Influence of Confounding Factors

To rule out the effect of confounding factors on the present outcome, we performed a cross tabulation of the smokers and alcoholics in both the exposed and non-exposed groups. The percentage of smokers and alcoholics was found to be similar in both the groups (Table-1). The chi-square value of smokers and alcoholic groups were 0.995 and 0.535 respectively which was not significant. The analysis of covariance (ANCOVA) using SPSS has ruled out the influence of these potential confounding factors on the results observed in the present study.

Discussion

While earlier studies have clearly demonstrated the detrimental effects of occupational radiation exposure on the integrity of somatic cells, its impact on semen characteristics, including genetic and epigenetic integrity of male gametes, has not yet been elucidated. The present study, for the first time, indicates that occupational radiation exposure may be associated with alterations in human semen quality. The most pronounced effects observed in spermatozoa of exposed subjects were changes in motility characteristics, increased sperm morphological abnormalities, sperm DNA fragmentation and global hypermethylation. These findings show that exposure to occupational radiation may have a profound implication on the fertility and reproductive outcome of health workers, and importantly, on the health of the children born to such fathers since the spermatozoa carrying nuclear abnormalities can fertilize the oocytes [27], and the embryos thus derived from the irradiated sperm carry substantial risk of transgenerational genomic instability [11], [12].

It is now evident that well controlled semen evaluation studies have contributed substantially to current knowledge on reproductive toxicity of many chemicals in humans [28]. Sperm concentration, which is the most important determinant of male fertility [29], did not vary significantly between the exposed and non-exposed groups eventhough the ejaculatory abstinence of 3–5 days was maintained for all the subjects. The evaluation of sperm motility is useful when a toxicant is expected to influence the percentage of motile spermatozoa or sperm motility pattern. Prolonged exposure to high levels of testicular toxicant may produce testicular atrophy thereby shutting off spermatogenesis. However, at lower levels, the adverse effect may be limited to only changes in the motility pattern without affecting fertility significantly [30]. The International Commission on Radiological Protection (ICRP), in its 2007 recommendations based on occupational classification, limits artificial irradiation of the public to an average of <1 mSv of effective dose per year, and ≤6 or ≤20 mSv/year in the case of occupationally exposed subjects [31]. Since occupational radiation exposure levels now strictly fall well within the accepted limits [32], the long term consequence of low level exposure is possibly observed as altered motility characteristics without affecting the sperm output in these subjects. Hence, from a clinical point of view, it is possible that the risk of occupation induced infertility arising from deteriorated semen quality is substantially lower in exposed subjects since the semen characteristics of exposed men in the present study were above the WHO recommended threshold level [18], [33].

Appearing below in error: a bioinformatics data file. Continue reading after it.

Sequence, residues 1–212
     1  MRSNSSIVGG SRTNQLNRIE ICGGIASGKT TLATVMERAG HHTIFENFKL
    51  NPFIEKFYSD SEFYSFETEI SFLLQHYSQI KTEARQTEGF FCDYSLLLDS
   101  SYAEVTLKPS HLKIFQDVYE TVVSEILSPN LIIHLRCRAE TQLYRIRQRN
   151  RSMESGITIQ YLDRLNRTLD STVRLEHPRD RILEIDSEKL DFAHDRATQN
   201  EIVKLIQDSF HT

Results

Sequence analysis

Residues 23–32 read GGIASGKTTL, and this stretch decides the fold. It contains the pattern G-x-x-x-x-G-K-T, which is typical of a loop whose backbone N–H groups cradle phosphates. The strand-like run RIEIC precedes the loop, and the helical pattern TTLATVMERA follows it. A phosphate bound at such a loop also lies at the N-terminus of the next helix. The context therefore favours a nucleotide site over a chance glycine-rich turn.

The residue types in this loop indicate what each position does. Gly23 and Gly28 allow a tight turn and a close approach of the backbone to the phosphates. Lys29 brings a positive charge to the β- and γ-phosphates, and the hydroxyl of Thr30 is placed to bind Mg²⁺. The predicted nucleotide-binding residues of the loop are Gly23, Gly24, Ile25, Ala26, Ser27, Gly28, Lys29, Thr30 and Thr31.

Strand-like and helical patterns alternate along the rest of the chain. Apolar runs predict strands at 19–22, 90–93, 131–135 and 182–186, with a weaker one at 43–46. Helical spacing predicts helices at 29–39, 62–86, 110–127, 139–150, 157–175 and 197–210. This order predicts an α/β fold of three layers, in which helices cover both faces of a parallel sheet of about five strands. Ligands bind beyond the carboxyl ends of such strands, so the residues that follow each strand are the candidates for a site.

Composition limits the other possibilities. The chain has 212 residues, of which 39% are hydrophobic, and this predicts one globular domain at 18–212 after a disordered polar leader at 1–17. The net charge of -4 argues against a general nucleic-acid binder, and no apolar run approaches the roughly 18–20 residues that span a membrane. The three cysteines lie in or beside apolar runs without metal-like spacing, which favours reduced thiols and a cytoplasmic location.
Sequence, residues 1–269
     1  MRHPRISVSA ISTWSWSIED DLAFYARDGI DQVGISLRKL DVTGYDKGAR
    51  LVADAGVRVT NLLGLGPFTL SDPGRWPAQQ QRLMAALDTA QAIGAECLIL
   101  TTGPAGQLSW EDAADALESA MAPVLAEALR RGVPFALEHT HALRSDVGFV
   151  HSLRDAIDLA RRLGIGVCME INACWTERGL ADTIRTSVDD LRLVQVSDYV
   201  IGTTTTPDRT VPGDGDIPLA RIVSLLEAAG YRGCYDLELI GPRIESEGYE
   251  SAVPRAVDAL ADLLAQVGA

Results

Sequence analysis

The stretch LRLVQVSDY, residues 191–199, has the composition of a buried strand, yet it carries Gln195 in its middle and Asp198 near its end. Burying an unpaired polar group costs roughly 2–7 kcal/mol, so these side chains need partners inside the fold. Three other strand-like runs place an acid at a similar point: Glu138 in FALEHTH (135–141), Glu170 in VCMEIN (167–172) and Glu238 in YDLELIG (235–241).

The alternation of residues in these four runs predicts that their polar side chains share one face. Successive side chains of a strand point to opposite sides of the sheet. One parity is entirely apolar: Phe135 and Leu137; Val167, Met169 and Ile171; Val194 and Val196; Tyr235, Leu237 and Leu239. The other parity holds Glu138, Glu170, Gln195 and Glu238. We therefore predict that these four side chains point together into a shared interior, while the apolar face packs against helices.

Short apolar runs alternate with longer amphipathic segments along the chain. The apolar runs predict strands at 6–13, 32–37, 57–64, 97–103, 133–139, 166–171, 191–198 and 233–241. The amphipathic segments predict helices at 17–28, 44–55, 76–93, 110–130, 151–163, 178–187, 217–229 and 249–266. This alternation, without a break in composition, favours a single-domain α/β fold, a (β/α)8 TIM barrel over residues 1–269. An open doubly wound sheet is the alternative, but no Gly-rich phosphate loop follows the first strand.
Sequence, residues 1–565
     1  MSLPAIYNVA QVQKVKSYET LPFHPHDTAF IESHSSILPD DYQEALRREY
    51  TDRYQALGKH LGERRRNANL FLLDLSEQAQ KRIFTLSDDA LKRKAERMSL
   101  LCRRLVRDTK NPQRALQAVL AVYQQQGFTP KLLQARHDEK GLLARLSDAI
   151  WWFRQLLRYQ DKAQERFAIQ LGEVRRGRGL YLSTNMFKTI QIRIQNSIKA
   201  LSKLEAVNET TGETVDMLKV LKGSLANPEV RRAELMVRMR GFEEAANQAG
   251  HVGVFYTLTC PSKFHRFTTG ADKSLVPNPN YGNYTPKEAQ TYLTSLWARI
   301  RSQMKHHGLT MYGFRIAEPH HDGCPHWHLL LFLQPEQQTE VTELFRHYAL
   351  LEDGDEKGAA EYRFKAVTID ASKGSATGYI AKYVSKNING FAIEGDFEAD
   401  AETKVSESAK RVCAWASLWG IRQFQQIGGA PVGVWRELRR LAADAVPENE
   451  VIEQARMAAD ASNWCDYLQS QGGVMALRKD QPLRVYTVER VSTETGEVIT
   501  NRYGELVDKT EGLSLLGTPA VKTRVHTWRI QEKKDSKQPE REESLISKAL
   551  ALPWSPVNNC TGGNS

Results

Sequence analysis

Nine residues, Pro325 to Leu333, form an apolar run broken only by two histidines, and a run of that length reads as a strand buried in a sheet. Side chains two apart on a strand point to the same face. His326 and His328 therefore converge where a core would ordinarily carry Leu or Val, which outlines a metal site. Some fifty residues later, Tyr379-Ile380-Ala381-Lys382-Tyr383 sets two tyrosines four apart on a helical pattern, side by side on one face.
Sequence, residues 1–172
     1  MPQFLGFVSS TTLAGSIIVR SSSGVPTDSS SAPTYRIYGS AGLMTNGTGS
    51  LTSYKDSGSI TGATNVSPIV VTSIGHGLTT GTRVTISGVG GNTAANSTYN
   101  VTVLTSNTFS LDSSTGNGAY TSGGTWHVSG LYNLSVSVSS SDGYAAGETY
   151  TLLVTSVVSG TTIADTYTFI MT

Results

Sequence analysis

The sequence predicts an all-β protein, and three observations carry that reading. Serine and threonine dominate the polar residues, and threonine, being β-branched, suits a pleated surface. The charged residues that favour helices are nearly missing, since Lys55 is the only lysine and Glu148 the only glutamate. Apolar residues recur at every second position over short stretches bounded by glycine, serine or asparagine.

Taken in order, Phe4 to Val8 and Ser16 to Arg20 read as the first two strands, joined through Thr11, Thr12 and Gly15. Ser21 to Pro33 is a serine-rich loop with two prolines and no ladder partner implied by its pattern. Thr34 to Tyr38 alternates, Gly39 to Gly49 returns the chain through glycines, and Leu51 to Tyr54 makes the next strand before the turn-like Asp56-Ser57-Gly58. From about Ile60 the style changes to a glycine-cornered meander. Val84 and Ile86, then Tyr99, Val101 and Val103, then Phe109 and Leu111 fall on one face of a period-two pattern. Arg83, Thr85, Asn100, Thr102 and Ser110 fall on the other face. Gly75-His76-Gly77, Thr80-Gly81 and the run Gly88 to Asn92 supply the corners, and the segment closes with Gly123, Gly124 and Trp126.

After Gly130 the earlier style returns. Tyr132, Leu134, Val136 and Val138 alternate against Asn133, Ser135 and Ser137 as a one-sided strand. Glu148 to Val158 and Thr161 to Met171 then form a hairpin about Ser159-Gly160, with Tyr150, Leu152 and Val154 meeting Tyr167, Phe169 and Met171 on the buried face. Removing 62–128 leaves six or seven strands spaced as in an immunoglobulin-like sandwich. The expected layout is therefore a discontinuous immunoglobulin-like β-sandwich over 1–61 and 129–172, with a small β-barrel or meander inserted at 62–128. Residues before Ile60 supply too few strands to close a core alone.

It has been revealed that, sperm morphology is the best predictor of fertilization potential [34]. A high proportion of morphologically abnormal spermatozoa in the exposed group, therefore indicates the possible association between chronic radiation exposure and defective spermiogenesis. Our observations are in agreement with the results from an earlier study which demonstrated increased sperm ultra-structural defects in Chernobyl salvage workers exposed to radiation [17]. Apart from morphological abnormalities, the exposed subjects in the present study also had an increased incidence of sperm head vacuoles. It has been shown that large vacuoles in spermatozoa are linked to failure in chromatin condensation and subsequent nuclear weakness [35], which in turn leads to sperm DNA damage [36].

The evidence of a relationship between sperm morphological abnormality and their abnormal cytogenetic content [37] prompted us to examine the sperm chromosomal integrity of the exposed subjects. Despite increased incidences of structural and numerical chromosomal abnormalities in the somatic cells of health workers exposed to radiation [4], [38], the present data did not demonstrate significant differences in sperm aneuploidy level between the two groups.

Earlier studies have indicated that environmental toxicants can potentially induce sperm DNA fragmentation [39]. Results of experimental studies have shown that sperm carrying DNA damage is capable of fertilizing an oocyte [26],[40] however, viability is compromised in the embryos derived from the irradiated sperm [40].